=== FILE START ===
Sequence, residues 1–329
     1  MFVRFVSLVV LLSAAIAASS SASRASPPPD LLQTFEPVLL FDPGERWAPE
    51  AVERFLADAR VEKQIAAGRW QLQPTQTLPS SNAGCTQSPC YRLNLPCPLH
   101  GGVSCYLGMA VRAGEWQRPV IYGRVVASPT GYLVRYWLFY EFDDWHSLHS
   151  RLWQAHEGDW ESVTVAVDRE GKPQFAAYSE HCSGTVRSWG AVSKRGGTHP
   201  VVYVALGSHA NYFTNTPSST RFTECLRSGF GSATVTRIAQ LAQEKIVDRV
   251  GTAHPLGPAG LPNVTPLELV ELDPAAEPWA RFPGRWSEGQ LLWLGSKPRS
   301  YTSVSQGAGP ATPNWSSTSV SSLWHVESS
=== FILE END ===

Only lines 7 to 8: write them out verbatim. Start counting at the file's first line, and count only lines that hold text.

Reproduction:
   251  GTAHPLGPAG LPNVTPLELV ELDPAAEPWA RFPGRWSEGQ LLWLGSKPRS
   301  YTSVSQGAGP ATPNWSSTSV SSLWHVESS